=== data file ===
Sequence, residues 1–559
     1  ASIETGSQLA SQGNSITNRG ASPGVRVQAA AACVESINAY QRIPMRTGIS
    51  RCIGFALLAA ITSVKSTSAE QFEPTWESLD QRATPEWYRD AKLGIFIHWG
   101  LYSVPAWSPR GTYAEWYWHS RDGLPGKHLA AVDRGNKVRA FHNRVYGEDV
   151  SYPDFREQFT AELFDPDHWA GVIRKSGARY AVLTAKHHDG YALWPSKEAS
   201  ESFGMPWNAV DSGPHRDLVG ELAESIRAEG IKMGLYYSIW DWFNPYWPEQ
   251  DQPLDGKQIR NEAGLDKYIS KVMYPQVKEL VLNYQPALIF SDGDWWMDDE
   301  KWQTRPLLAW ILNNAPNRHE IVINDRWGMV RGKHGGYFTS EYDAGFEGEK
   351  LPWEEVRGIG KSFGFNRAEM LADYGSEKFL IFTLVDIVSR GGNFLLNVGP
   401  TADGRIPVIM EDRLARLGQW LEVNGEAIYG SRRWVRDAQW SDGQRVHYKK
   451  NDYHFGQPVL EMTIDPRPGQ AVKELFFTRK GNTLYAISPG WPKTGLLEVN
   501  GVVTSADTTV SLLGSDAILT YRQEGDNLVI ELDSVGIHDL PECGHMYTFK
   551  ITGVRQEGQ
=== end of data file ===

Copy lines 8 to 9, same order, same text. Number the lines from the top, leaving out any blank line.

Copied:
   301  KWQTRPLLAW ILNNAPNRHE IVINDRWGMV RGKHGGYFTS EYDAGFEGEK
   351  LPWEEVRGIG KSFGFNRAEM LADYGSEKFL IFTLVDIVSR GGNFLLNVGP